The first hands-on glimpse of Windows 8, Microsoft's latest version of its legendary operating system. The reviews are out, and PC Magazine notes, there are a lot of them on Twitter.
Professional reviewers are weighing in, too, beyond the question of whether this marks the death of Flash, to take up what the system feels like to use. The new suite is "radically different," according to ABC News, which gave the new program a glowing write-up.
Some see a major rivalry coming with Apple. Windows 8 is designed to work on desktops, tablets and mobile devices. Will that mean that Windows will now see as frequent tinkering and updates to its mobile product line as users have received from Apple? A good question.
International Business Times administers a splash of cold water. At least for the time being, the publication writes, the market for tablets and operating systems thereon belongs to Cupertino, not Redmond. Apple's dominance with the iPad is so great that rumors of an iPad 3 have been "shut down," this piece notes. Why rush one to market when the iPad 2 is still flying off the shelves as-is.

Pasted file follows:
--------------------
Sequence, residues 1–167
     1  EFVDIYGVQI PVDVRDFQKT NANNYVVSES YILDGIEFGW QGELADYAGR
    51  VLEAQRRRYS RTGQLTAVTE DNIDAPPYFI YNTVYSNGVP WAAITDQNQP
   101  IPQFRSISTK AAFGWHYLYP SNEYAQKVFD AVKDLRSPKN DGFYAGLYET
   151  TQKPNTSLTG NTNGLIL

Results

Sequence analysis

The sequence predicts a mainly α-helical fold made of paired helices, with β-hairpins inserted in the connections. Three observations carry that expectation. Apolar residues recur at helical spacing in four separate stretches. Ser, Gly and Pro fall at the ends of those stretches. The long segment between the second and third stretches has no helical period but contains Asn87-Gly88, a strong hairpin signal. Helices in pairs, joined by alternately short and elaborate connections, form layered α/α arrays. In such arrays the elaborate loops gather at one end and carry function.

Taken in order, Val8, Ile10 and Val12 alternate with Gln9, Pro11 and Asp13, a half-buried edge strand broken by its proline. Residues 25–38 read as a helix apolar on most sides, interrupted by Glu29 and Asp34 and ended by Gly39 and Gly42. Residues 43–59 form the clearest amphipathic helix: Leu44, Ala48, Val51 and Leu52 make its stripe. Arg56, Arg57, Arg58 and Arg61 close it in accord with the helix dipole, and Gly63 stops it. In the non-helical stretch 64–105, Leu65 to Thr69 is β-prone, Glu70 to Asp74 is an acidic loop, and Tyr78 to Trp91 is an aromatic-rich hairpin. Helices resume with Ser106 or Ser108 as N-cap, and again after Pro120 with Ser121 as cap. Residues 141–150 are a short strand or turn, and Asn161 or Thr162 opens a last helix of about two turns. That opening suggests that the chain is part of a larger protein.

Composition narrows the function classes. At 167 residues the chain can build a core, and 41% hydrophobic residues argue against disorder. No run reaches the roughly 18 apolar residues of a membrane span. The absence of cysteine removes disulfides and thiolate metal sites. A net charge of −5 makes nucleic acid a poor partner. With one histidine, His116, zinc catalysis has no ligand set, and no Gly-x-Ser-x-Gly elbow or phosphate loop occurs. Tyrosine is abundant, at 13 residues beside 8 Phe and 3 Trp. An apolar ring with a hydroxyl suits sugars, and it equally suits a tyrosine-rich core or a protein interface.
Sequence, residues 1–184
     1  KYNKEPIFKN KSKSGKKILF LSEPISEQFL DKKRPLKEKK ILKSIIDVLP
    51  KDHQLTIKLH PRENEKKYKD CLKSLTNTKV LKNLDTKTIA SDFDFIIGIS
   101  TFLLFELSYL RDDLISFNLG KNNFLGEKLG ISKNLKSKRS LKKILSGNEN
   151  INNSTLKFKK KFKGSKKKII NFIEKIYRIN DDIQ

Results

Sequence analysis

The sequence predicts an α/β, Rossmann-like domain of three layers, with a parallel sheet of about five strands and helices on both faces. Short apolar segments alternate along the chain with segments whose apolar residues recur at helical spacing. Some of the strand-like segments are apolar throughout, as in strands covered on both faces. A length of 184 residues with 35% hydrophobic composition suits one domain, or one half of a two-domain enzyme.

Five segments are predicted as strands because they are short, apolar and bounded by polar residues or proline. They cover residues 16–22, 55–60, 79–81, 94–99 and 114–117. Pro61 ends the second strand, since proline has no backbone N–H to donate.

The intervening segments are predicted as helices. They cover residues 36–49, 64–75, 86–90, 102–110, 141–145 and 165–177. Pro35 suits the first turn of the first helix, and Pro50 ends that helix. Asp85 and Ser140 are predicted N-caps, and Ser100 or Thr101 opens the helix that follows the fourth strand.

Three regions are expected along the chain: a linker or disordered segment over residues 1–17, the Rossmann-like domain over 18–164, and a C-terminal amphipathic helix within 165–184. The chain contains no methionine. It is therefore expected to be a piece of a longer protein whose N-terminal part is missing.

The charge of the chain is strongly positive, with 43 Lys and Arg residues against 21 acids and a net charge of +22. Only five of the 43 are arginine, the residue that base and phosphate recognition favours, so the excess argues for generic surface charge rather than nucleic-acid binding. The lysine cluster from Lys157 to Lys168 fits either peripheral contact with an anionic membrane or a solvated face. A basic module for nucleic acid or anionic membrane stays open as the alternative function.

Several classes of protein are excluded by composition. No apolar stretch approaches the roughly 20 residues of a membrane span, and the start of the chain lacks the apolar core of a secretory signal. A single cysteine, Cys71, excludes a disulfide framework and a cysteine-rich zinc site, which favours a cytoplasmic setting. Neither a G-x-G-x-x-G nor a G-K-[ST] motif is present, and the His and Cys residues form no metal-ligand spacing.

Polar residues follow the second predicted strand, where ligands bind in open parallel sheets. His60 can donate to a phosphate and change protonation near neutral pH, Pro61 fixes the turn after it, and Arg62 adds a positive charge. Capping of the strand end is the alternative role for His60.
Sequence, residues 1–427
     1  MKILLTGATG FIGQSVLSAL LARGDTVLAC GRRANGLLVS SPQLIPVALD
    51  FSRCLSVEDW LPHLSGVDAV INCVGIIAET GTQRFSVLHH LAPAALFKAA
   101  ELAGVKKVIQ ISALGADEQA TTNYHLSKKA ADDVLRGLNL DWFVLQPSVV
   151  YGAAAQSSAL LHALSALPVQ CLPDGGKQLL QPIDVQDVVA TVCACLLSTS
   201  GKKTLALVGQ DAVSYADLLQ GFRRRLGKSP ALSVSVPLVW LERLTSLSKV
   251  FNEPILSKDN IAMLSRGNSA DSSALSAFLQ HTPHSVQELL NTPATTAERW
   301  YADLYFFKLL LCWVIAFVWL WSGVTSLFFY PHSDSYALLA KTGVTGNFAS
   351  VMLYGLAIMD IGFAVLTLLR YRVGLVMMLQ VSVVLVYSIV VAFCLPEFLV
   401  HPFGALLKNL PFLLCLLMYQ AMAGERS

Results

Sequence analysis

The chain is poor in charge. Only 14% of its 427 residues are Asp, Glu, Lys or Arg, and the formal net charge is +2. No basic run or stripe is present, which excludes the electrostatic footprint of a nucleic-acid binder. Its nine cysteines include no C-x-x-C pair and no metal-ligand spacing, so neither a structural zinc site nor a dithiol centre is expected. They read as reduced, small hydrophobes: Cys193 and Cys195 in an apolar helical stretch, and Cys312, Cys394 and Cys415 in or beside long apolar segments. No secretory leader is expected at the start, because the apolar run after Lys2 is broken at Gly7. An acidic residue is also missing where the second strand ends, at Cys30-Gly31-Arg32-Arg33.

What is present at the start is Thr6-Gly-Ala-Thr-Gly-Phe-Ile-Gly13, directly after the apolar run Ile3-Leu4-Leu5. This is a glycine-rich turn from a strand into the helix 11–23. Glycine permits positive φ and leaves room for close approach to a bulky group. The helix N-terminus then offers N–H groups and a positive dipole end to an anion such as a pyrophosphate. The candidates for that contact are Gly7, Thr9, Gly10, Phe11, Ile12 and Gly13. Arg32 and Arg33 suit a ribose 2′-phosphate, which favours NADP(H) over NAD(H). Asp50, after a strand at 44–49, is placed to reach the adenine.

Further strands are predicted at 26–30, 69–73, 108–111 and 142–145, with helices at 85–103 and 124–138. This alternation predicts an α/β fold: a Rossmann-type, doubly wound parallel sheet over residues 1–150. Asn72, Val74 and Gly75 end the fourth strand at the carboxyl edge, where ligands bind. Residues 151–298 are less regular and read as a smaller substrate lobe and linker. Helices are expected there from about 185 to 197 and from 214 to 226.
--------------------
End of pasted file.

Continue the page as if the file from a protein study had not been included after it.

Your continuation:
Windows 8 may be radically different, but it will have to trigger radical changes in consumer preference to change the current balance of power for the tablet market.
This article is from the archive of our partner The Wire.
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